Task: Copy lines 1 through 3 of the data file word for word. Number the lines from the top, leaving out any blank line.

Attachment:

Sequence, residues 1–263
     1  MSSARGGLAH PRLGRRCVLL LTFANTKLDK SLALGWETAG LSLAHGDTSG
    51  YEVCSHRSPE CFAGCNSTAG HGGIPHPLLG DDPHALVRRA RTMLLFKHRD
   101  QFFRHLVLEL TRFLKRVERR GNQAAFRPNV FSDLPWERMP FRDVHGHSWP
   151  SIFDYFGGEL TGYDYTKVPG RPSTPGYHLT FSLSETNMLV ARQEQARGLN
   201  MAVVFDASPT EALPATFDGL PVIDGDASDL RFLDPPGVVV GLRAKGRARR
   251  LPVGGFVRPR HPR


Sequence, residues 1–263
     1  MSSARGGLAH PRLGRRCVLL LTFANTKLDK SLALGWETAG LSLAHGDTSG
    51  YEVCSHRSPE CFAGCNSTAG HGGIPHPLLG DDPHALVRRA RTMLLFKHRD